Advanced

Segmental cerebral vasoconstriction: successful treatment of secondary cerebral ischaemia with intravenous prostacyclin.

Grände, Per-Olof LU ; Lundgren, Anders; Bjartmarz, Hjalmar LU and Cronqvist, Mats LU (2010) In Cephalalgia 30(7). p.890-895
Abstract
We describe a 23-year-old male patient who presented with spontaneous intermittent and increasing attacks of severe, left-sided thunderclap headache combined with rapidly progressive muscle weakness and dysphasia, including gradual loss of consciousness. Subsequent CT, MRI and DSA showed progressive brain ischaemia and oedema within the left cerebral hemisphere with strict ipsilateral segmental arterial vasoconstriction. Despite extensive medical care, including steroids, the patient deteriorated rapidly. However, the clinical course changed dramatically within 15 h after the start of an intravenous infusion of prostacyclin at a dose of 0.9 ng/kg/min, with an almost complete recovery of consciousness and speech. In addition the... (More)
We describe a 23-year-old male patient who presented with spontaneous intermittent and increasing attacks of severe, left-sided thunderclap headache combined with rapidly progressive muscle weakness and dysphasia, including gradual loss of consciousness. Subsequent CT, MRI and DSA showed progressive brain ischaemia and oedema within the left cerebral hemisphere with strict ipsilateral segmental arterial vasoconstriction. Despite extensive medical care, including steroids, the patient deteriorated rapidly. However, the clinical course changed dramatically within 15 h after the start of an intravenous infusion of prostacyclin at a dose of 0.9 ng/kg/min, with an almost complete recovery of consciousness and speech. In addition the pathophysiological alterations seen on magnetic resonance (imaging and digital) subtraction angiography including diffusion-weighted imaging and apparent diffusion coefficient maps shortly before prostacyclin treatment were clearly reduced when the patient was examined 3-4 days later and he continued to recover thereafter. Although not fully compatible, our case had several clinical characteristics and radiological findings reminiscent of those of the 'segmental reversible vasoconstriction syndrome', sometimes called the Call-Fleming syndrome. (Less)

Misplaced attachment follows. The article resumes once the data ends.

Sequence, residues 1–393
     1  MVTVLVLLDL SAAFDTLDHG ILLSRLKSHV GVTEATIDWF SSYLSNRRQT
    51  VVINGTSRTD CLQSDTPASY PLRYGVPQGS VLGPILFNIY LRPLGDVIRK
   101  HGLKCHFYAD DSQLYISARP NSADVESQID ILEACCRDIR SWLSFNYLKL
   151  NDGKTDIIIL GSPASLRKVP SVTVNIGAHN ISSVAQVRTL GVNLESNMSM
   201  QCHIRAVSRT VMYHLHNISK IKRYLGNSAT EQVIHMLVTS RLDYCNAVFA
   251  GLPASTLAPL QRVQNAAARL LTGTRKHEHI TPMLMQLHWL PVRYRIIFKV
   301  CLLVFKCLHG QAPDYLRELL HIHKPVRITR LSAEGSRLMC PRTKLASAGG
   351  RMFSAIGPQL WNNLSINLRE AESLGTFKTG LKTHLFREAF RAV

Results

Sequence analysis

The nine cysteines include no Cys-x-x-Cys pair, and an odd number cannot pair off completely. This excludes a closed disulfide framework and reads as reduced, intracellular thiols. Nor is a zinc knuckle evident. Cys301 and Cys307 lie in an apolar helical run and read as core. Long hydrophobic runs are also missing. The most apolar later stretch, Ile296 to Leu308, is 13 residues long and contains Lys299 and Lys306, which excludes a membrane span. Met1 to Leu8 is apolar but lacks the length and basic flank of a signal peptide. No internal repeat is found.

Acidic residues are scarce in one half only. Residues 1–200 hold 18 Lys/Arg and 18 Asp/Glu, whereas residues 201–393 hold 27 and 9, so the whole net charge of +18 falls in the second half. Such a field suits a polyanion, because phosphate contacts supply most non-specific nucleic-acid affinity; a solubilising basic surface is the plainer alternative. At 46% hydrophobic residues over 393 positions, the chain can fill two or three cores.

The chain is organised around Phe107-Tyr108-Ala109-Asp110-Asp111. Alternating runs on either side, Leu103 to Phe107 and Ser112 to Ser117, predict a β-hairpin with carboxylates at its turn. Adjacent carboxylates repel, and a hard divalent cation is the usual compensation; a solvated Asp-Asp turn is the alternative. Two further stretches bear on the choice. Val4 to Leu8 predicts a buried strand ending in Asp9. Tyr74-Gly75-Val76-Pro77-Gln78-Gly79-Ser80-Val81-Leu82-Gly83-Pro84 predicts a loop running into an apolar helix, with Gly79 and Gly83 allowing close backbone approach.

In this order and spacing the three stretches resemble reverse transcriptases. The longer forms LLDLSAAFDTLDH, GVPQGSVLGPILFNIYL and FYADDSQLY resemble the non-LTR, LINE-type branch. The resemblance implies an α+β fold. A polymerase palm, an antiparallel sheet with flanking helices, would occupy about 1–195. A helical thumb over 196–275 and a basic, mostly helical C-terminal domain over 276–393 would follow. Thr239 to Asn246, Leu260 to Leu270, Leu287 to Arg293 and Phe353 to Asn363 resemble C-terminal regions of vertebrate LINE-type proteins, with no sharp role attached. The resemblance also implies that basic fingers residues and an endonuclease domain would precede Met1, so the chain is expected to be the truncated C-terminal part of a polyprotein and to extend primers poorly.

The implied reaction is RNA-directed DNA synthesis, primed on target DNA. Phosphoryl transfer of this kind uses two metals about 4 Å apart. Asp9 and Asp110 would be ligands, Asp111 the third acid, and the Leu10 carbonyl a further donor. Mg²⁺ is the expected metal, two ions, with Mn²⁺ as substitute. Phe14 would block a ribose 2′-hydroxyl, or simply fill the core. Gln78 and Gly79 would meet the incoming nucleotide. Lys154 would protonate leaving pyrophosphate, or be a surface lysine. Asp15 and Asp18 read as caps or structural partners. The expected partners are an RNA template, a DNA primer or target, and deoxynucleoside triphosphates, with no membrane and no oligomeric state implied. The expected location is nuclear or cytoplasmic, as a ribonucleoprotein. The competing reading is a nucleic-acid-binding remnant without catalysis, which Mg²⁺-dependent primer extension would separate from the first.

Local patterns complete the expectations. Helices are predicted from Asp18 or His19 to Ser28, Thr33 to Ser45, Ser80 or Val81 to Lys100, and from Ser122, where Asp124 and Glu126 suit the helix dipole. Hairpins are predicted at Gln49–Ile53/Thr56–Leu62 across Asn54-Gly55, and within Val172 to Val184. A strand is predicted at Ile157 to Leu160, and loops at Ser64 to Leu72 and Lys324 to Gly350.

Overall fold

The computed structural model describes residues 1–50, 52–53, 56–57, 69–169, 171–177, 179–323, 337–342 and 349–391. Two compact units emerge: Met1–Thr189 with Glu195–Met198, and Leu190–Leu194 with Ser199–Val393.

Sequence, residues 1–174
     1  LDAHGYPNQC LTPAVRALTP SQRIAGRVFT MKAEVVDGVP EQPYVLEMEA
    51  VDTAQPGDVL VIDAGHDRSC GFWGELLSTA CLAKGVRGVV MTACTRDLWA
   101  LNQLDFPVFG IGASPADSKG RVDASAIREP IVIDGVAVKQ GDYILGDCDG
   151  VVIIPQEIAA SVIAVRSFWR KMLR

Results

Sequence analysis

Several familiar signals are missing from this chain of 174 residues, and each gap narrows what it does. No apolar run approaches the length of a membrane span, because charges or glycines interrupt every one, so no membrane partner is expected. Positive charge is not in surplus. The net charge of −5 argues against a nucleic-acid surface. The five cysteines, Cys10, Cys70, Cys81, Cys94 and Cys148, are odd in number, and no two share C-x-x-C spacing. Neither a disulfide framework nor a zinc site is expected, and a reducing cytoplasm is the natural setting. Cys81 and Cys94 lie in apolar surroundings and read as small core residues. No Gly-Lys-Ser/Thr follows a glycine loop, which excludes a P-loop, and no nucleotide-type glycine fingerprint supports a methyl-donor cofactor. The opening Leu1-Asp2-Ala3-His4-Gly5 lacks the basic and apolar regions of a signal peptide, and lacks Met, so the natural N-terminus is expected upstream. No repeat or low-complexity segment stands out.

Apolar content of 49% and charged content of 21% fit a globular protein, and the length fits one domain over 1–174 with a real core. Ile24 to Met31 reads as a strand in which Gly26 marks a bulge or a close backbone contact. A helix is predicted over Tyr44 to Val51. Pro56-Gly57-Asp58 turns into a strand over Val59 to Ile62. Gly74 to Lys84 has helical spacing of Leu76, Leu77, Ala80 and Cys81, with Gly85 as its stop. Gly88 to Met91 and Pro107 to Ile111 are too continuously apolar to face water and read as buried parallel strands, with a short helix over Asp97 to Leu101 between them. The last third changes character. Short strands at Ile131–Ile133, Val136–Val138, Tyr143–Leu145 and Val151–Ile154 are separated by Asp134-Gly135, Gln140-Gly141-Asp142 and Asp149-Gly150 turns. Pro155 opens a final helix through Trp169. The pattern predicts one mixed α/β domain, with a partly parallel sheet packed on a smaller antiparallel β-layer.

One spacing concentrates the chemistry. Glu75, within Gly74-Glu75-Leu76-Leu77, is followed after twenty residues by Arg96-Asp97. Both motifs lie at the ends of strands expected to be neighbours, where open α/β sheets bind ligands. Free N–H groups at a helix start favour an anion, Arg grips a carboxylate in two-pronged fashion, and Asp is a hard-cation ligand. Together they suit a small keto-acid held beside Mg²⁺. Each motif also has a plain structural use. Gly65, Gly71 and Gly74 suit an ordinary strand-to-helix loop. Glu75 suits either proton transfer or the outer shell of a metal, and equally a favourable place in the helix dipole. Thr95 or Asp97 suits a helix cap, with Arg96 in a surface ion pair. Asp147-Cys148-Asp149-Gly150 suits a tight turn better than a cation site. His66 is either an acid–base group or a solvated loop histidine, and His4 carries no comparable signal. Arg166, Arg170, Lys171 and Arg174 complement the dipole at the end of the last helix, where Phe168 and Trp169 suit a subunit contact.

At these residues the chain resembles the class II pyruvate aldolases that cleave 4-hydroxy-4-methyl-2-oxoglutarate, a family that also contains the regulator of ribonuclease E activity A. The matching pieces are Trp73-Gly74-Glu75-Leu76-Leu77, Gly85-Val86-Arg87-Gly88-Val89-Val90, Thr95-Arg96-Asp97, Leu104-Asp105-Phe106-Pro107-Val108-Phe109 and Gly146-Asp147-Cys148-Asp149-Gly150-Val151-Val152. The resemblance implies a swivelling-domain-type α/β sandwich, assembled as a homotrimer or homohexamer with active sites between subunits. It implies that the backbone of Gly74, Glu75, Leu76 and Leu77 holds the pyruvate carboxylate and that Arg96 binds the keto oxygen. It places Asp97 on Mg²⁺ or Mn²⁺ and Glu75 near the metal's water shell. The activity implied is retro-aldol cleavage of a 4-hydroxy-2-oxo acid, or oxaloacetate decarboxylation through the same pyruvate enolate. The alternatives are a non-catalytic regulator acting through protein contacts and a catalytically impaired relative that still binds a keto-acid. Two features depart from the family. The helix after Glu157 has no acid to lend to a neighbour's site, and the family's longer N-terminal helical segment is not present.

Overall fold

Please use this url to cite or link to this publication:
author
organization
publishing date
type
Contribution to journal
publication status
published
subject
in
Cephalalgia
volume
30
issue
7
pages
890 - 895
publisher
Wiley-Blackwell
external identifiers
  • WOS:000279533400018
  • PMID:20647181
  • Scopus:78349291909
ISSN
0333-1024
DOI
10.1177/0333102409352909
language
English
LU publication?
yes
id
5b2eaabe-d222-4491-ac2f-c46479647516 (old id 1644702)
alternative location
http://www.ncbi.nlm.nih.gov/pubmed/20647181?dopt=Abstract
date added to LUP
2010-08-05 10:13:21
date last changed
2016-10-13 04:27:00
@misc{5b2eaabe-d222-4491-ac2f-c46479647516,
  abstract     = {We describe a 23-year-old male patient who presented with spontaneous intermittent and increasing attacks of severe, left-sided thunderclap headache combined with rapidly progressive muscle weakness and dysphasia, including gradual loss of consciousness. Subsequent CT, MRI and DSA showed progressive brain ischaemia and oedema within the left cerebral hemisphere with strict ipsilateral segmental arterial vasoconstriction. Despite extensive medical care, including steroids, the patient deteriorated rapidly. However, the clinical course changed dramatically within 15 h after the start of an intravenous infusion of prostacyclin at a dose of 0.9 ng/kg/min, with an almost complete recovery of consciousness and speech. In addition the pathophysiological alterations seen on magnetic resonance (imaging and digital) subtraction angiography including diffusion-weighted imaging and apparent diffusion coefficient maps shortly before prostacyclin treatment were clearly reduced when the patient was examined 3-4 days later and he continued to recover thereafter. Although not fully compatible, our case had several clinical characteristics and radiological findings reminiscent of those of the 'segmental reversible vasoconstriction syndrome', sometimes called the Call-Fleming syndrome.},
  author       = {Grände, Per-Olof and Lundgren, Anders and Bjartmarz, Hjalmar and Cronqvist, Mats},
  issn         = {0333-1024},
  language     = {eng},
  number       = {7},
  pages        = {890--895},
  publisher    = {ARRAY(0xa25f600)},
  series       = {Cephalalgia},
  title        = {Segmental cerebral vasoconstriction: successful treatment of secondary cerebral ischaemia with intravenous prostacyclin.},
  url          = {http://dx.doi.org/10.1177/0333102409352909},
  volume       = {30},
  year         = {2010},
}